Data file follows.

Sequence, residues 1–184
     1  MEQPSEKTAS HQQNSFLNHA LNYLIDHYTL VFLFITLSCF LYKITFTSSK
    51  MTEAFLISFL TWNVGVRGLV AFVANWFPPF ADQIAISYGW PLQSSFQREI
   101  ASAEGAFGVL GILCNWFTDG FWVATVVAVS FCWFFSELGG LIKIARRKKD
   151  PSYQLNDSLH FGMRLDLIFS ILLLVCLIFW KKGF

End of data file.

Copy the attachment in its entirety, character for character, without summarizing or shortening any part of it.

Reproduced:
Sequence, residues 1–184
     1  MEQPSEKTAS HQQNSFLNHA LNYLIDHYTL VFLFITLSCF LYKITFTSSK
    51  MTEAFLISFL TWNVGVRGLV AFVANWFPPF ADQIAISYGW PLQSSFQREI
   101  ASAEGAFGVL GILCNWFTDG FWVATVVAVS FCWFFSELGG LIKIARRKKD
   151  PSYQLNDSLH FGMRLDLIFS ILLLVCLIFW KKGF